Building A Home And Making A Difference

In my last blog I spoke about Srey Mey and the conditions that she and her family have to live in. Her house was too small for them all to live in and they had to sleep on the floor of their neighbors house.

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With a donation of money we were able to provide materials to build them a new and more suitable home. Nothing like we are used to in The Western World but it was enough to make a world of difference to them. Being on stilts it means that when the floods come( as they are beginning to now in Phnom Penh) they will not have to move else where. In fact their house has been built just in time and they can enjoy the comforts of their own home and not worry about getting flooded.

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Choosing the Materials


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The initial amount of money was not quite enough to do the job properly so with a little more money they were able to buy metal sheets for the walls. So it may not look too impressive to  most of us but this small donation( maybe £120 ) has made a huge difference to one family. The mother will get up at 3.00 am to go to the market to buy the best fruit and vegetables she can to sell them on. Later in the day she will collect plastic bottles to sell for re-cycling as will her daughter in the morning before she goes to school. They certainly didn’t choose this life…..

Phnom Penh 2014

So here are just a few random pictures of life in Phnom Penh. This city never ceases to intrigue me….how can so many with so little be so happy ?P1070818

I do stand in awe sometimes of those who have been born or sold into the mess in which they live. They never seem to complain but just mention that they do not have enough money to feed their children, or pay the rent…..

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To be with them can be a life changing experience and you can go as deep as you want with their struggles. I don’t think anyone could walk away from them and not be affected by the way they have to live.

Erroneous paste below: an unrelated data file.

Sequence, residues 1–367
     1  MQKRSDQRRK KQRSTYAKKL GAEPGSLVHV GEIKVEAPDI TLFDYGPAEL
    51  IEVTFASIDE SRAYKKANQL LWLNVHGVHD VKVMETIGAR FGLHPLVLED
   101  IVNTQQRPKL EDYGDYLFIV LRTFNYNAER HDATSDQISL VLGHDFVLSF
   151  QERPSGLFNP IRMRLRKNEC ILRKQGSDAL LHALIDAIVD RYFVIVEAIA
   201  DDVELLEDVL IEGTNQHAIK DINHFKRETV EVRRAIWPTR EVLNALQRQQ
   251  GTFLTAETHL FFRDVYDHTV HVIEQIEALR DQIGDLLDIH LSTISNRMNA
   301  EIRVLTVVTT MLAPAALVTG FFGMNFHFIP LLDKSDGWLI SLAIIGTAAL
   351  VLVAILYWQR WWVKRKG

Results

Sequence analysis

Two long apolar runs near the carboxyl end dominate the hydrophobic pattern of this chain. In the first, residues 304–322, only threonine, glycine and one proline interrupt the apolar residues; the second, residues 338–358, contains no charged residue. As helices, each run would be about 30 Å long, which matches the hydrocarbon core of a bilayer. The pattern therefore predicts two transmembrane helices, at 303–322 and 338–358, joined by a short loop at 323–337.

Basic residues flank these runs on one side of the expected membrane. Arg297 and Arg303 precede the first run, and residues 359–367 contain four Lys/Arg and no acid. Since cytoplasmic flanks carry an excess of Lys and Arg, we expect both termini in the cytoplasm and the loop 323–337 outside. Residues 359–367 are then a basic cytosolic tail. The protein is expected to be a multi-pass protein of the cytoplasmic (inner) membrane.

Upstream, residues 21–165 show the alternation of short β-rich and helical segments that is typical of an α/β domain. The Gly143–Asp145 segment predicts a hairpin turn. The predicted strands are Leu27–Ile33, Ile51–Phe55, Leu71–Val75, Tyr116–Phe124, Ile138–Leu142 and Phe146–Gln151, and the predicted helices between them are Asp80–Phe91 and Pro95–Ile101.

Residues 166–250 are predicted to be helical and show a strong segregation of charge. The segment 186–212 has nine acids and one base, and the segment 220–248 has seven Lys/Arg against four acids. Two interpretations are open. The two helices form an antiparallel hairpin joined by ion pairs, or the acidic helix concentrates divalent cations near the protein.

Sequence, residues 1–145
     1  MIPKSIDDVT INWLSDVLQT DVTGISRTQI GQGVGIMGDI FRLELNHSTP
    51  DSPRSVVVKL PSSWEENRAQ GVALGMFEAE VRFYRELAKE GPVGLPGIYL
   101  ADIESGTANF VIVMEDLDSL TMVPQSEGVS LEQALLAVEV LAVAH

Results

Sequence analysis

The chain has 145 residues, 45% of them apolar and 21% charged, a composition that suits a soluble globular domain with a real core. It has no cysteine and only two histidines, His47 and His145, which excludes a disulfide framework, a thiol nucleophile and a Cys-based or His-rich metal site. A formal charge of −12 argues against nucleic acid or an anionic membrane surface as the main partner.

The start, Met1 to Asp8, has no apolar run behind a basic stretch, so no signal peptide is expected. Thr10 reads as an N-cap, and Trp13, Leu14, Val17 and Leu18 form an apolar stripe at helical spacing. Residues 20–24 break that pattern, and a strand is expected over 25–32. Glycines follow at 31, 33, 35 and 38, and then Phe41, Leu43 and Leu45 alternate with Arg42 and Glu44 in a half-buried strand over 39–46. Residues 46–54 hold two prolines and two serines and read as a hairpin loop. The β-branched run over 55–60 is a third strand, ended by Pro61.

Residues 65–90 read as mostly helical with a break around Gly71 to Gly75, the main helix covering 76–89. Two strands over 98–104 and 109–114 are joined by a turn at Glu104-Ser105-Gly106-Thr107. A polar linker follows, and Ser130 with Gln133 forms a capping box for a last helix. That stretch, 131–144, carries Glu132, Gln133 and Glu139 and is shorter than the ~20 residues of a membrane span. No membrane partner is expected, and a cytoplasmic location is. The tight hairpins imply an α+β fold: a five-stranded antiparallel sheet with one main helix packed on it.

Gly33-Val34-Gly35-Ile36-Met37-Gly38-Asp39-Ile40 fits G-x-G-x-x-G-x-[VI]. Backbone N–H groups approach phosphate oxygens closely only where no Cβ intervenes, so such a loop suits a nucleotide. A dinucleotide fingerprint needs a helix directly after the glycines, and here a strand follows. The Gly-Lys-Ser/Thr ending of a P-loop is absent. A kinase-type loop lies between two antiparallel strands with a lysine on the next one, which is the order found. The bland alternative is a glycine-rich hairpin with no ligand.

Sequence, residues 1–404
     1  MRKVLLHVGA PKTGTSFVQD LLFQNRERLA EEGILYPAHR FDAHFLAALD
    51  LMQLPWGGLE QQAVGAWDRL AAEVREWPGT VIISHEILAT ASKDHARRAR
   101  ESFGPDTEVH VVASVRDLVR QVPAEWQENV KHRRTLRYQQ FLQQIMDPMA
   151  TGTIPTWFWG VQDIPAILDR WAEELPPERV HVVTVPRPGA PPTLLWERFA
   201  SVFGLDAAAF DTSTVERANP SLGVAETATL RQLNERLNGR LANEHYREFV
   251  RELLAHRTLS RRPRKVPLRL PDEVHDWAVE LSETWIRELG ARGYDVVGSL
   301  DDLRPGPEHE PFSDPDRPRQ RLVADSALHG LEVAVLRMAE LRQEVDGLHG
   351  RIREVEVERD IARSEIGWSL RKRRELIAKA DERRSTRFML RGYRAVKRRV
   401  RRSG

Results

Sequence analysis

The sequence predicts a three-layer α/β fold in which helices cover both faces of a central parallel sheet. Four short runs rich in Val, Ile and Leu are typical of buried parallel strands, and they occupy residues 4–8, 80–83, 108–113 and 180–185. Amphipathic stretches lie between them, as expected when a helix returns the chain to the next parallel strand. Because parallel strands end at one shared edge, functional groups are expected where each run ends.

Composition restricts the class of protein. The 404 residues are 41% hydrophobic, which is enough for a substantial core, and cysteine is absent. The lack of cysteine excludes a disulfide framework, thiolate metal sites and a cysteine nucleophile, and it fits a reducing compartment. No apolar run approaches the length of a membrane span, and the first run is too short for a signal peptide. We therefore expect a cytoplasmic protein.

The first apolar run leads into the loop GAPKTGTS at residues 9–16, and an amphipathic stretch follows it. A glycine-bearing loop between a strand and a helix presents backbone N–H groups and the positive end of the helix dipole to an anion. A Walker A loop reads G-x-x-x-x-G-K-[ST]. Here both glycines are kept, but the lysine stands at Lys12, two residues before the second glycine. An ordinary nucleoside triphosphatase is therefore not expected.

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P1070847So take in the pictures and get a feel for those who have little or nothing……they certainly didn’t choose this life.

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Working Week


This is my friend Sokunthea. She is 29 years old and her son Rah is just four years old. She collects rubbish for a living, not because she wants to but because she has to along with thousands of others in Phnom Penh. Sokunthea will get up at 7.00 in the morning and work until about 9.00 at night collecting what she can and then selling it on to be re-cycled i.e. plastic bottles, drink cans, cardboard etc. I met her once when I was on my way home from work and it was just beginning to rain, well pour actually, and of course the obvious was in front of me as she had nowhere to go but just sheltered until the rain had stopped-maybe an hour or two later. I bought her a raincoat- it was the least I could do. When she gets home she will then cook a meal for herself and her son. She will stop once during the day for lunch.P1010221P1010219

She has been doing this for the last four years; the first two with her husband before he left her and the last two by herself. Rah has not been well lately and had to spend time in hospital, another added cost they could have done without. As well as looking for rubbish Sokunthea will also search for food to see if there is anything she can find to eat to save having to pay for it.

Home sweet home. No electric,no running water and no toilet..

Home sweet home. No electric,no running water and no toilet..

P1010228      P1010230 She will earn about one and a quarter dollars a day ( .65p ), that is less than £5.00 a week and that will have to pay for food for the two of them, her rent and any other costs that may come up ( hospital fees etc ). Oh, and a working week is seven days long. There is no day of rest for many in this poverty stricken country.P1010233

Changing Lives

This Sunday we had our Church service at one of the International schools here in Phnom Penh instead of at our usual church. The reason for this was that 16 people were getting baptised and we used their swimming pool to baptise them in.


There were about 70 present for the service and it started a little later than planned as it took longer to travel from one side of the city to the other through the as ever manic traffic. Most of those baptised were teenagers although the oldest candidate was 63 and it was a pleasure to be involved with the service.

What probably made this so special was that seven of the girls who were baptised had been involved in sex trafficking and had been “rescued ” by an NGO that works with those who are trying escape from their forced trade. Two were as young as 15 and one was just 13…..

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Phnom Penh

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